Milwaukee Edition

Pound-Shedding Workouts

Best Exercises from Yoga to Cardio

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Exercise daily. Whether it’s a light, moderate or heavy workout is not as important. Consistency is the key.
 

There’s no one-size-fits-all approach to weight loss, but most trainers agree that consistent exercise is vital. According to studies by the National Weight Control Registry, 90 percent of individuals that are successful at shedding the pounds and keeping them off are active for at least an hour each day.

Consider the Cortisol Factor

A study at the University of California, San Francisco, revealed that individuals with high cortisol levels also have a higher body mass index (BMI) and more belly fat than people with lower levels of this stress hormone. Cortisol significantly affects the body’s metabolism, and its release depends upon receptors in adipose tissue, especially around abdominal organs.

Aerobic exercise like running, walking or cycling helps to decrease excessive cortisol, which can promote weight loss. “Strength training and aerobic intervals are the best exercises to not only initiate, but maintain weight loss,” says Sue Markovitch, fitness trainer and owner of Clear Rock Fitness, in Westerville, Ohio. “This combination kicks the metabolism switch on, increasing the number of energy-producing mitochondria in our cells, and improves our ability to burn fuel. Intervals—where you push the energy expenditure high, recover and then repeat—catalyze the best results.”

A recent study published in the Journal of Nutrition concluded that three hours of moderate walking per week catalyzed significant weight loss compared to those that didn’t include walking in their exercise routines. Sessions on the yoga mat can also be a great cortisol-reducer through lowering stress levels and promoting equilibrium.

Hit Optimal Results

Working out in the gym for two hours a day isn’t feasible for most people, but all-or-nothing workouts are not required to see results. Most trainers agree that high-density nutrition lays the groundwork. “Exercise works when your diet is on point,” says Cregory Boatwright, owner and trainer at Level Up Personal Training, in Washington, D.C. “Combined with good diet, I find jumping exercises, high-intensity interval training [HIIT] and cardio best for weight loss.”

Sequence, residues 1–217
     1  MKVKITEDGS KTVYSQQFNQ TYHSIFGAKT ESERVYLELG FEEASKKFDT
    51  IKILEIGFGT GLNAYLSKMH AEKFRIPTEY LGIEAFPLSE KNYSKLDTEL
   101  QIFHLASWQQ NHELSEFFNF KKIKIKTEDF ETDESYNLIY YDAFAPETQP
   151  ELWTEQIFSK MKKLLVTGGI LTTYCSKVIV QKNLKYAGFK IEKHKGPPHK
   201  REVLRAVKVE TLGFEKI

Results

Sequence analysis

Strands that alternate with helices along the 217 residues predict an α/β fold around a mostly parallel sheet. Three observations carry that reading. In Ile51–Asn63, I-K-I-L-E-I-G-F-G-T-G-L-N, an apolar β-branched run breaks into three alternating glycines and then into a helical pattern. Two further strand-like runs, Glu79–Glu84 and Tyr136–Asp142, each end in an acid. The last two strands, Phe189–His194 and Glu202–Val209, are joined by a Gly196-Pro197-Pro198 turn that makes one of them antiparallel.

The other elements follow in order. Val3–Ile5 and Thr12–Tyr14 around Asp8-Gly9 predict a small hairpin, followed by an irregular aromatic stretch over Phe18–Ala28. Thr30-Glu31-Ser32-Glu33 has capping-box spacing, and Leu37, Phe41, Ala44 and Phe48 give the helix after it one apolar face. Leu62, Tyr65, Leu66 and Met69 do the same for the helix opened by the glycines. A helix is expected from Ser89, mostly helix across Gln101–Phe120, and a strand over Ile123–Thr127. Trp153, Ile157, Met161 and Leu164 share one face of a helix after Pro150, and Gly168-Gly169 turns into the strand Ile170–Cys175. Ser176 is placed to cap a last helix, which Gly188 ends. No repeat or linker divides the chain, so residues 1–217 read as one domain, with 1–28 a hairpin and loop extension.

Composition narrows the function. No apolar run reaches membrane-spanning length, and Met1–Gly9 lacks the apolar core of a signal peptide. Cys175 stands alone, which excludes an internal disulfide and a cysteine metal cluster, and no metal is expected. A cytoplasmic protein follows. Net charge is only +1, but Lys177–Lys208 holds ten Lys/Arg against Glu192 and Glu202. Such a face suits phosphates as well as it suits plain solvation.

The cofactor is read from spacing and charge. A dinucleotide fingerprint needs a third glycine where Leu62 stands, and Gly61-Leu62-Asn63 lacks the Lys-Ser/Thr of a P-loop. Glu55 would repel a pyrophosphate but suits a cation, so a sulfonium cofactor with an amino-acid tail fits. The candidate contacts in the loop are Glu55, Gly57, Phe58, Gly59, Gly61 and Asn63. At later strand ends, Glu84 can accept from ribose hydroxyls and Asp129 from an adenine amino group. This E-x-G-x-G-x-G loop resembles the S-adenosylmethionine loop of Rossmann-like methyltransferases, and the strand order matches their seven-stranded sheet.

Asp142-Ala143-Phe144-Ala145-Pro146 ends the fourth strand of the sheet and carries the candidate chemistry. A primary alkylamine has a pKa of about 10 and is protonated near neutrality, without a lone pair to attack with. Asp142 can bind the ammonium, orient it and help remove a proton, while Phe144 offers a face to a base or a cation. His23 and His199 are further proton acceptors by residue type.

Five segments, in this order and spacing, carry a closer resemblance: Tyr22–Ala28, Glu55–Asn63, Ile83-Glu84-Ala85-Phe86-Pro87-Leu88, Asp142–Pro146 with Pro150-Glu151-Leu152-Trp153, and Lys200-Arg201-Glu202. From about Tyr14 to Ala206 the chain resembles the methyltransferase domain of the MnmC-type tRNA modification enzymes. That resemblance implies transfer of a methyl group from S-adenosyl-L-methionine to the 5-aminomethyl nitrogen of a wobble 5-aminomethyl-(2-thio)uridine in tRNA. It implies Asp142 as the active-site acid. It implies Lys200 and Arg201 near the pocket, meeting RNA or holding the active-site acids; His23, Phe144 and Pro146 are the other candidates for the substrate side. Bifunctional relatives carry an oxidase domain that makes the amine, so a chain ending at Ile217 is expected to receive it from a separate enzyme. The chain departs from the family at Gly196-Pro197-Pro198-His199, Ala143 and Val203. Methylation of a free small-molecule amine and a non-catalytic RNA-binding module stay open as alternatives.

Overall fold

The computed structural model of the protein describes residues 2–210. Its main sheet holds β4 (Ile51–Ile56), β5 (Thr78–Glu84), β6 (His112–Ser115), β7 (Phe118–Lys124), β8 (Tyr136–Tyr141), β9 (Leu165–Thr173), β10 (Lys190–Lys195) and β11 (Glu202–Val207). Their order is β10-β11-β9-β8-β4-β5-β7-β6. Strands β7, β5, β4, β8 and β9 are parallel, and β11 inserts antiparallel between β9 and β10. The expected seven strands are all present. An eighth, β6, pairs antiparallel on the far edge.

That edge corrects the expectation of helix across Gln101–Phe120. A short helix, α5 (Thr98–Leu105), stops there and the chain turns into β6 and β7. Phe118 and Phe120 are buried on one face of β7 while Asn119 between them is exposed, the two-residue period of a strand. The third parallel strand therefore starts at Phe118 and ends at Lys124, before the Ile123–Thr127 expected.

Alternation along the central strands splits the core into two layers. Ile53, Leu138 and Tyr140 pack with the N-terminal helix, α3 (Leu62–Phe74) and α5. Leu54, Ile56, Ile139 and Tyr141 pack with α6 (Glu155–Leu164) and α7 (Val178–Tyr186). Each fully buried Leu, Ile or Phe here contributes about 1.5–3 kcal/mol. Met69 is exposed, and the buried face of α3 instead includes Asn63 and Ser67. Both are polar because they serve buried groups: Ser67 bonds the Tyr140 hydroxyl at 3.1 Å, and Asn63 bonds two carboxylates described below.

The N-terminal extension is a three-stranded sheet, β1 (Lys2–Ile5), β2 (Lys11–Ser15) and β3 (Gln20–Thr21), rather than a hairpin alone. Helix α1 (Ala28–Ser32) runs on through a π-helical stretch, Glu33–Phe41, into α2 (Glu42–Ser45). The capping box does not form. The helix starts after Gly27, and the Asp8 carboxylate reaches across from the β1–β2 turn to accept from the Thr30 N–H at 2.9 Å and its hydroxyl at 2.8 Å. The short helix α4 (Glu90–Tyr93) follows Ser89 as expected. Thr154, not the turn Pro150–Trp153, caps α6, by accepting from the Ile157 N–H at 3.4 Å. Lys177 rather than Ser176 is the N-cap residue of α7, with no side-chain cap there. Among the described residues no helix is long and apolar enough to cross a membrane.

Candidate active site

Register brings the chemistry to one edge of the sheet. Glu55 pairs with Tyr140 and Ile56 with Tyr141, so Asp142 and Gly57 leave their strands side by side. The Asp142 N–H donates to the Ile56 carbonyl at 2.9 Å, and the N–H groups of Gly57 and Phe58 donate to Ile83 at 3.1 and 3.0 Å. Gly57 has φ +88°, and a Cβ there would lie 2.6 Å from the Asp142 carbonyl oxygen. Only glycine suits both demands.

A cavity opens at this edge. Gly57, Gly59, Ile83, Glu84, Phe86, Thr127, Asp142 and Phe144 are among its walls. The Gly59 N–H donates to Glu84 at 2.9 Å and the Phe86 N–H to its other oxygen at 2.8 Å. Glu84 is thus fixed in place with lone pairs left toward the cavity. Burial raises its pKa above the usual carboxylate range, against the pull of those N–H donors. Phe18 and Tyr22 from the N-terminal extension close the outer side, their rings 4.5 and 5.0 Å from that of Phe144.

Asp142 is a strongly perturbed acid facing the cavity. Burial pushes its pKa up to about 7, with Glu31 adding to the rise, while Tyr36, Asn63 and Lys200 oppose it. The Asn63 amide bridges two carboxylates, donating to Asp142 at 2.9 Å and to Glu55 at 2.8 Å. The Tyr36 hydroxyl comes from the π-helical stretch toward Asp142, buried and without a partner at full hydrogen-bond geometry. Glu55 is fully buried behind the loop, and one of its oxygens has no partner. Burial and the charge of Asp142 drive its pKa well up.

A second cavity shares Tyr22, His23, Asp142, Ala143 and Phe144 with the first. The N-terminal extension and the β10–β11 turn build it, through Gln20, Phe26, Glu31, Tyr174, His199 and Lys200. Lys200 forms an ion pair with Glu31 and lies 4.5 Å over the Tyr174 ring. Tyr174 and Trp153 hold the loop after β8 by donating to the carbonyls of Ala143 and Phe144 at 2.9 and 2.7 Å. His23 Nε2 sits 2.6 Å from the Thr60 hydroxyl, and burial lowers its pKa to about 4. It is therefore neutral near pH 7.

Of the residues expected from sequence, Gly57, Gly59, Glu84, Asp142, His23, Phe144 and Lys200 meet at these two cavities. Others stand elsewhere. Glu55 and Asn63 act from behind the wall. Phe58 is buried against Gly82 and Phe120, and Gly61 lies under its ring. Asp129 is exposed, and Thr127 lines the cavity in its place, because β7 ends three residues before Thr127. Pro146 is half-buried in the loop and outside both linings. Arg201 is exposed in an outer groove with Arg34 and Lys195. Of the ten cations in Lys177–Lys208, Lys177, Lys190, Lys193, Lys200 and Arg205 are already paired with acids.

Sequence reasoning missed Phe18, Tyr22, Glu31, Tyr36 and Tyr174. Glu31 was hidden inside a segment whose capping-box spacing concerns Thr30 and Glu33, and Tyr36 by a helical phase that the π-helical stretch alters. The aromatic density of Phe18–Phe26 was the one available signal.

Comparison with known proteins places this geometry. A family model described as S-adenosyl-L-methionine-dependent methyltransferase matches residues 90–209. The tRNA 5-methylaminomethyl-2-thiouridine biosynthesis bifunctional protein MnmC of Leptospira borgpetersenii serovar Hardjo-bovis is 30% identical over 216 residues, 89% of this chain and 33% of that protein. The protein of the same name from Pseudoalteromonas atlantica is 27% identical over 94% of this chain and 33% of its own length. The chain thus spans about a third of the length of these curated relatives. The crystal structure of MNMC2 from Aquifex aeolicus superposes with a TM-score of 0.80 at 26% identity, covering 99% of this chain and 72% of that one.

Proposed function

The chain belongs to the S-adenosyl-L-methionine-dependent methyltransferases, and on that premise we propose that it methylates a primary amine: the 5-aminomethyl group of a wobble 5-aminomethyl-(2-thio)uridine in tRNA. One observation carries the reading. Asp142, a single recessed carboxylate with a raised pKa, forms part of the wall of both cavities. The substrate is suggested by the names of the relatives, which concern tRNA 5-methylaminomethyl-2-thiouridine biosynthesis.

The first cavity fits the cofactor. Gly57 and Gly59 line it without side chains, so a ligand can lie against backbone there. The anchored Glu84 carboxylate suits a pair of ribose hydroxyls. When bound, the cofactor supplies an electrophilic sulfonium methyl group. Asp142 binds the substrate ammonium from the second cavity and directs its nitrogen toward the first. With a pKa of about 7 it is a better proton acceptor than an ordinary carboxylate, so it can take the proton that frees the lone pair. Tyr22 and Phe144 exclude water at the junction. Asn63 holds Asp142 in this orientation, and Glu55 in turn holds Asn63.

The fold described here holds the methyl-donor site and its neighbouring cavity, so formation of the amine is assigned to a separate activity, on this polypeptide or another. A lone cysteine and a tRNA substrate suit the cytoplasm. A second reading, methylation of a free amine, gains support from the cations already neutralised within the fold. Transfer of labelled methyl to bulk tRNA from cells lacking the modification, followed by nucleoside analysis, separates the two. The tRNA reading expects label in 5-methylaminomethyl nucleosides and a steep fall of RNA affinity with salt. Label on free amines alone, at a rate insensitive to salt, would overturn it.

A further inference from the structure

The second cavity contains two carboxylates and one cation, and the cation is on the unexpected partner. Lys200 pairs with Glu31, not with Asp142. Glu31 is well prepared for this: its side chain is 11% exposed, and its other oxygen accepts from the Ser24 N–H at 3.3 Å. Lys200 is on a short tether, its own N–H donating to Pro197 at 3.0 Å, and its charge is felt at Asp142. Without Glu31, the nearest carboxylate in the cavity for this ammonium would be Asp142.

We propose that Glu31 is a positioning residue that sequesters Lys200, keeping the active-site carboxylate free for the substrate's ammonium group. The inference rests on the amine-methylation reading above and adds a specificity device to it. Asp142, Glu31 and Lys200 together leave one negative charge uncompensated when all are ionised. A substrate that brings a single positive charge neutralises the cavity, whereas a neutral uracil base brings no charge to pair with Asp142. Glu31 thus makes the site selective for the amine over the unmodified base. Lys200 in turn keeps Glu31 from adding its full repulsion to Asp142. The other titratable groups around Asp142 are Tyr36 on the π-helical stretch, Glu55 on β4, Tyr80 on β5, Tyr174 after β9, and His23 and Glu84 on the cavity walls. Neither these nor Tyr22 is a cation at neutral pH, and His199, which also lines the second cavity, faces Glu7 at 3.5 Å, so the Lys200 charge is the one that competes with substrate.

Stephany Acosta, founder and trainer of Elevate Fitness, in Dallas, concurs. “Eating well accounts for 70 percent of weight-loss results. In addition to a good diet, I recommend a combination of weight training and cardio in the form of circuit training or HIIT training, because both maximize your time by working out all your body parts simultaneously while keeping your heart rate going with a little rest time in-between. This approach guarantees to help build muscle and burn fat at the same time.”

Embed Self-Care

A challenging workout is best, but excessive exercise can easily backfire and kick off a stress response in the body, which means higher cortisol levels and increased risk of packing on the pounds. A gentler approach is also safer, especially for beginners.

“Step in gradually. You want the program to be challenging, but doable,” counsels Markovitch. “If you work with a trainer, tell them if something hurts or feels too challenging. If they don’t listen, you need to find another trainer.”

Employ common sense with any kind of workout. “Going from no to much activity can be a complete shock to the body. You will see more success in creating realistic goals and working your way up to liking the benefits that come from exercise if you start out small,” says Acosta. “Consistency is key. Even if you don’t have 30 minutes to go to the gym, work out for 20 minutes—or even 10.”

Elements of Success

Boatwright underscores the importance of setting short-term goals and having patience. “Gaining weight doesn’t happen in one day, so don’t expect it to come off in one day. It’s a journey, a lifestyle, and not an overnight fix.”

While losing weight can be challenging, especially those last 10 stubborn pounds, Markovitch drives home a valuable reminder; “Sometimes we need to change something about our lifestyle, not just add an exercise. First, we need to love ourselves where we are.”


Marlaina Donato is the author of several books on spirituality and alternative health. She is also an artist and composer.


This article appears in the December 2018 issue of Natural Awakenings.

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